self defense

Essential Self-Defense Techniques and Tips

You get health checkups and dental cleanings, wear a helmet when biking or skiing, regularly change the batteries in your smoke detector, and take daily vitamin supplements. These actions help protect your overall well-being; but do you also have a grasp of important self-defense techniques to protect yourself if you are physically attacked?

Most people don’t have a realistic plan for protecting themselves in a physical crime situation and may chose not to ponder this. But although many American cities are experiencing dips in crime, you should still be ready to protect yourself and family members or friends who are with you in case you or they are attacked. Don’t assume this won’t ever happen, nor assume you are powerless in the event of such a crisis.

Here are practical techniques to practice on your own or with a partner, based on lessons I’ve taught as a Karate and self-defense teacher.

  1. Cultivate your defense mindset.

Even (or especially) if you are a meek person, you should practice a tough demeanor for times of crisis. Think about how you would protect yourself if someone put a knife to your back, waved a box-cutter at your face, screamed curses and punched your chin, verbally threatened you with sexual abuse, smacked you with a baseball bat or umbrella. Role-play these situations in your mind, out loud, and by writing them down. If you read a crime story in the news, ponder how you would react. These mental exercises are important “test prep”.

  1. Be aware.

When I walk, bike or drive, I see people who seem oblivious to their surroundings. They are distracted by using cell phones or wearing ear buds, and appear unaware of hazards. Engaging in these activities makes you more vulnerable. In addition, as you walk you should take note of your environment, not just for potential violence but also for reckless, distracted vehicle drivers. Know where you go; keep your eyes and ears open; walk confidently.

  1. You have weapons right at hand.

Become aware of how to defend yourself with your own body parts. Scream when threatened; practice a shrill, annoying tone. Bite someone who attacks you on their nose, hand, arm, lip, ear and so on; don’t fret about how “disgusting” this is, because it is a very effective action. Spit at an attacker, and if chewing a piece of gum or food, spit that at them as well. Aim for their eyes or mouth; they are likely to recoil. Jab the attacker in the eye, with one or two fingers; they will likely rear back. (I did this once while on vacation, to a tall man who attempted to grab and kiss me. He howled in pain and stumbled backward.)

Scratch hard at someone’s eyes or another part of their face. Yank hard on their hair or ears, jewelry or eyeglasses. Punch an attacker in his eyes or nose, or use a palm heel strike by arching back the fingers of your hand and striking with the hard, flat section of your palm. Stomp on someone’s feet and distract her. Head-butt someone directly in front or in back of you, and frustrate your attacker. Another more subtle technique is to buckle your knees or slump leadenly if someone grabs you; it can throw off their balance.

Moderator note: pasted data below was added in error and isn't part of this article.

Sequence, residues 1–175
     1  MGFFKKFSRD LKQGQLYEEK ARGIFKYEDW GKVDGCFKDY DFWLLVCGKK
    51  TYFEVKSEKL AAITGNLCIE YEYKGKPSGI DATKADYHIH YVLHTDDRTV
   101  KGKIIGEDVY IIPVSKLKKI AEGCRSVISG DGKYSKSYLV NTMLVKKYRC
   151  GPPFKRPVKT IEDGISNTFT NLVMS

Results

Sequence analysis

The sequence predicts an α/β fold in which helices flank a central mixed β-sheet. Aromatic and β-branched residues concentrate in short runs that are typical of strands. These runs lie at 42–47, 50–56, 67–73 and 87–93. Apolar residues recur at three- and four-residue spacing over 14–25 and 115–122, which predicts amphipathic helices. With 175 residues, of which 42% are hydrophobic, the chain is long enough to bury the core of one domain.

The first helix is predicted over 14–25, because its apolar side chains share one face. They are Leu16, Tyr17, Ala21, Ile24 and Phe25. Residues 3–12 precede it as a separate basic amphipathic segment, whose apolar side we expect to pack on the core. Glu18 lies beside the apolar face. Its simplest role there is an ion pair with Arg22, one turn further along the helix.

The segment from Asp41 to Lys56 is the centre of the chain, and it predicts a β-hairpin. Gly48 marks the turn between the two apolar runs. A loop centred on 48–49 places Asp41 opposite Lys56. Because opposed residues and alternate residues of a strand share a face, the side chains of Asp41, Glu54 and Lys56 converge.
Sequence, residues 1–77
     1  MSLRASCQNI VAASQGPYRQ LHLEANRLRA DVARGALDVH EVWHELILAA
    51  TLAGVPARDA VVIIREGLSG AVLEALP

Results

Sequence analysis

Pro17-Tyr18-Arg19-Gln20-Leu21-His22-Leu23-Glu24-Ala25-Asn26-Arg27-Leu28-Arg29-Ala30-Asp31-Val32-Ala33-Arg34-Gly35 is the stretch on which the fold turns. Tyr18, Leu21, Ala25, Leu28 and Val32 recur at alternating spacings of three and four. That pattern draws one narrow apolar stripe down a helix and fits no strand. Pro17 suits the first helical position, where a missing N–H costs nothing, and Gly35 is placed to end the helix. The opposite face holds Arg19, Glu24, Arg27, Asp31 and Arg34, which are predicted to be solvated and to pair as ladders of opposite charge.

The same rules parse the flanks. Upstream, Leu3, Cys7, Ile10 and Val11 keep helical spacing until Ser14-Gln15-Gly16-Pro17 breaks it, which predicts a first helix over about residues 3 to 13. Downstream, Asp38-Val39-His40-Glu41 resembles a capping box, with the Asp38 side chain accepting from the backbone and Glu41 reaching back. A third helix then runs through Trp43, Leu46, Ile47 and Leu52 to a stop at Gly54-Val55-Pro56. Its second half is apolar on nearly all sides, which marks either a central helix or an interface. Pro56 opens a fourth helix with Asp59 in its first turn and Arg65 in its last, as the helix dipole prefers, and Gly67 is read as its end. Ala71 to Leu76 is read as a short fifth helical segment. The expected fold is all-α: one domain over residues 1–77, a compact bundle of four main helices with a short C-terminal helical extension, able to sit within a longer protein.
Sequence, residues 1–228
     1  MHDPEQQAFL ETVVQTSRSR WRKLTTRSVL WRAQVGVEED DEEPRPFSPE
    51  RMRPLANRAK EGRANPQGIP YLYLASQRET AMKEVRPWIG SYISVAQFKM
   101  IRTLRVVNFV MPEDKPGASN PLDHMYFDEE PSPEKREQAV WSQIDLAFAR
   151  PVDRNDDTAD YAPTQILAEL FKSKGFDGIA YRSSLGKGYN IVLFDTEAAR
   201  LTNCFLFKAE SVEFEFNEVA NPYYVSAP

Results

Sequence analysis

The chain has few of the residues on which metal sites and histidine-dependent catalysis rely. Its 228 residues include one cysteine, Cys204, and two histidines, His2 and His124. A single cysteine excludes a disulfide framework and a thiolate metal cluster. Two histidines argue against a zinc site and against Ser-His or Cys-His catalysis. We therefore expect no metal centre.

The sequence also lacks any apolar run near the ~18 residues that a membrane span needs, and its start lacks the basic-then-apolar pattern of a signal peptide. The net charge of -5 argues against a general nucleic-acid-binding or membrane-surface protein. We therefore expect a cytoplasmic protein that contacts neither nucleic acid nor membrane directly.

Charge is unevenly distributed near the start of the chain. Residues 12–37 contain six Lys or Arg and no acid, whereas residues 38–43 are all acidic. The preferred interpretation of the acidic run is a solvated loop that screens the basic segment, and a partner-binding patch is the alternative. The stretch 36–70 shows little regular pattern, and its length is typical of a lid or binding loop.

1. You can turn many everyday items into effective weapons.

Use keys, a pen or pencil, comb, toothbrush, or any stick-like item, to jab the eyes of an attacker. Take a hardcover book, bottle or small package and shove it hard into an attacker’s gut. Use an umbrella, broom or walking cane as a defensive item to block blows or whack someone. Take your bottle of water or other drink, and lob the liquid at an attacker. (I did this to break up fights on at least two occasions). If holding a glass bottle, smash it against a wall or hard floor, and wave the broken bottle at a potential attacker. (I did this once when I suspected some men were trailing me; they ran away). Many items, from hot food or drinks, a household spray, and others can be turned into instant weapons. Once a man walked past me at a train station and squeezed my breast; immediately I chased him and swung at him with a large camera tripod that I held. He ran, tripped and fell. I had the last laugh.

  1. Don’t worry about your attacker.

Afraid you “might hurt” someone when you poke him in the eye, after he menaces you? It seems “creepy”? Get over that feeling. Afraid your efforts won’t matter? The majority of attackers will be put off by your efforts because you are no longer an easy mark.

There is no complete guarantee that these techniques will work, but I have seen how they can work very often, and the effort is empowering. This is just a brief look at how to protect and defend. Now practice and think about how to do so. It is certainly worth it.

Ellen Levitt is a veteran New York City public school teacher, as well as a freelance writer. Among her books are Walking Manhattan from . She holds a first-degree black belt in the Tora Dojo Association style of karate, and has taught children’s and women’s classes. She is a lifelong resident of Brooklyn.

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